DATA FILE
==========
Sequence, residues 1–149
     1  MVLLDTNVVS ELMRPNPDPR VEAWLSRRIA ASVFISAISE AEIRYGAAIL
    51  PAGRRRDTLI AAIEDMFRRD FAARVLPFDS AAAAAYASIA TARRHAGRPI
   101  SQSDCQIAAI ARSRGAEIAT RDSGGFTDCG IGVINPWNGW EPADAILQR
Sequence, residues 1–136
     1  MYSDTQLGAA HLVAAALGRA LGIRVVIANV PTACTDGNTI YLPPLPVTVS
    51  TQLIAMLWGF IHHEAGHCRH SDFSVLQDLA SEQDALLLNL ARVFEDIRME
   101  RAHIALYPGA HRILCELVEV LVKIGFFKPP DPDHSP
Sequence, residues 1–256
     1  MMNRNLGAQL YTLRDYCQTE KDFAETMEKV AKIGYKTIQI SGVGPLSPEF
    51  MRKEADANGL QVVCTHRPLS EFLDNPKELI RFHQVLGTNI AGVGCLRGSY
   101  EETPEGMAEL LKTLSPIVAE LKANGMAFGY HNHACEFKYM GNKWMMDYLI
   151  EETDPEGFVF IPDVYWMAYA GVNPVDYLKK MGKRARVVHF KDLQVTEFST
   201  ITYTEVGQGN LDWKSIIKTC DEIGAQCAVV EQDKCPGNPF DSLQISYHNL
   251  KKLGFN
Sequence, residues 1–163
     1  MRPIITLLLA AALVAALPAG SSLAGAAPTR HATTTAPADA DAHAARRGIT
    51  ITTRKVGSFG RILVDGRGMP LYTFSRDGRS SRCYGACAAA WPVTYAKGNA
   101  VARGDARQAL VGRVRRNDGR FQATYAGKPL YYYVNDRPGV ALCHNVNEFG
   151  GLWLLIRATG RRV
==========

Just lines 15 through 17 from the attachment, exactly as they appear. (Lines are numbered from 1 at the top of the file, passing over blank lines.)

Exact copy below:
   251  KKLGFN
Sequence, residues 1–163
     1  MRPIITLLLA AALVAALPAG SSLAGAAPTR HATTTAPADA DAHAARRGIT